25.0 to 27.50.036 (0.002)0.040 (0.002)0.050 (0.003)
 >27.50.072 (0.002)0.078 (0.002)0.080 (0.003)
 Waist circumference (cm)<25.0Reference0.5 (0.3)*−0.7 (0.4)*
 25.0 to 27.57.4 (0.3)7.8 (0.3)8.2 (0.4)
 >27.516.6 (0.3)17.3 (0.2)17.2 (0.4)
 Hip circumference (cm)<25.0Reference−0.2 (0.2)−1.7 (0.3)
 25.0 to 27.54.2 (0.2)4.2 (0.2)3.7 (0.3)
 >27.59.9 (0.2)10.0 (0.2)9.7 (0.3)
Women
 WHR<25.0Reference0.005 (0.002)*0.014 (0.002)
 25.0 to 27.50.024 (0.002)0.028 (0.002)0.042 (0.003)
 >27.50.053 (0.002)0.055 (0.002)0.071 (0.003)
 Waist circumference (cm)<25.0Reference0.8 (0.2)*0.5 (0.3)
 25.0 to 27.57.3 (0.2)7.6 (0.3)8.7 (0.4)
 >27.517.8 (0.2)18.6 (0.2)19.8 (0.4)
 Hip circumference (cm)<25.0Reference0.4 (0.2)*−1.1 (0.3)
 25.0 to 27.56.4 (0.2)6.2 (0.2)5.8 (0.4)
 >27.515.4 (0.2)16.2 (0.2)15.5 (0.2)

In Figure 1, the age-adjusted prevalence of current smoking was higher in the top compared with the bottom quintile of WHR. The prevalence of current smoking linearly increased across WHR quintiles, particularly in women. However, the proportion of current smokers decreased with increasing quintiles of BMI, weight, and waist or hip circumference.

Figure 1.

Age-adjusted proportion of current cigarette smokers by quintiles of selected anthropometric measures in 9819 men and 12, 009 women 45 to 79 years of age without prevalent heart disease, stroke, or cancer in the EPIC-Norfolk cohort, 1993 to 1997.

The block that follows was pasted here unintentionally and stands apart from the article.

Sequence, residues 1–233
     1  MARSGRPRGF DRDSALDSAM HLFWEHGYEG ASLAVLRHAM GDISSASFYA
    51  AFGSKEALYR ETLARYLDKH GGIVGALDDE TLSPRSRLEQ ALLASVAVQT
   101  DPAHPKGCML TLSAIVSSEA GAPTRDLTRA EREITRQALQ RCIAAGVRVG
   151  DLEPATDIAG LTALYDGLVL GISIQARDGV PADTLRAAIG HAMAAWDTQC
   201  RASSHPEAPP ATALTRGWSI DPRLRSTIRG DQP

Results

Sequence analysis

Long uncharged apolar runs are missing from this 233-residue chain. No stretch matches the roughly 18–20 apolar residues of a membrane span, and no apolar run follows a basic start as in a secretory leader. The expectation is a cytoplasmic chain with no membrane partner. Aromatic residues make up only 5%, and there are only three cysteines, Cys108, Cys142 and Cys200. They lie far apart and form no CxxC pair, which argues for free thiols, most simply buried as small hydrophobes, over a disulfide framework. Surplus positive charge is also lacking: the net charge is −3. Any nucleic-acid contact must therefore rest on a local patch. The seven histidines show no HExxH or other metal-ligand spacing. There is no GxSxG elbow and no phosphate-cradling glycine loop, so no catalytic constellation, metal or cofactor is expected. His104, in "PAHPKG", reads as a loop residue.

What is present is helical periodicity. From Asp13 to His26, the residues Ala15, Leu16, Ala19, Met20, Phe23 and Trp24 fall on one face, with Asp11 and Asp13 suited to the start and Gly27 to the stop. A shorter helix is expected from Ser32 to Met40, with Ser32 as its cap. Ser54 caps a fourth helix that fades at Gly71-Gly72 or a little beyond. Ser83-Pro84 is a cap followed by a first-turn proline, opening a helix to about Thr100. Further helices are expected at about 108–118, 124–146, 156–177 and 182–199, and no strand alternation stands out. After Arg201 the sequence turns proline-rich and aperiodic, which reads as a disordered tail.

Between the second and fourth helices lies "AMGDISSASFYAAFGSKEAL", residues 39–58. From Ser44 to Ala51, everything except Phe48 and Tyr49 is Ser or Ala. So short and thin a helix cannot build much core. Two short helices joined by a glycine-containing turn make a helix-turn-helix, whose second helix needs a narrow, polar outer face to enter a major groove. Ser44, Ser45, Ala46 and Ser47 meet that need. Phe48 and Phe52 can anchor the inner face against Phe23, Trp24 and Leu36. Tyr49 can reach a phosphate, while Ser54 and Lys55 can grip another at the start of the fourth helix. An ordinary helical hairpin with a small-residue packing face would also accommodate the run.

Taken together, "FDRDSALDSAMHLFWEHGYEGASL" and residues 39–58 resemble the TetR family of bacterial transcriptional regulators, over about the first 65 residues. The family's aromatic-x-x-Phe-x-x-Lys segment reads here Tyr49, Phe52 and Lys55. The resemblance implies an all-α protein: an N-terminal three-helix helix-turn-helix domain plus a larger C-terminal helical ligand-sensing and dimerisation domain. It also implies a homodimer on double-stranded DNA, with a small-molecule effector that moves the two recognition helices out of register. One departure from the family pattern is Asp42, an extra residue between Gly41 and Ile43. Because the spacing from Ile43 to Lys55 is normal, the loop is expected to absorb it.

Discussion

Compared with never smokers, WHR was higher among current smokers and among those with more smoking pack-years in both men and women. Adjusting for age and BMI and other possible confounding factors such as alcohol intake, total energy intake, physical activity, and educational level only strengthened the difference in the mean WHR between never and current smokers. Waist and hip circumferences varied with cigarette smoking status in both men and women. After adjusting for age, BMI, and other covariates, mean waist circumference was higher and hip circumference was lower among current smokers compared with never smokers.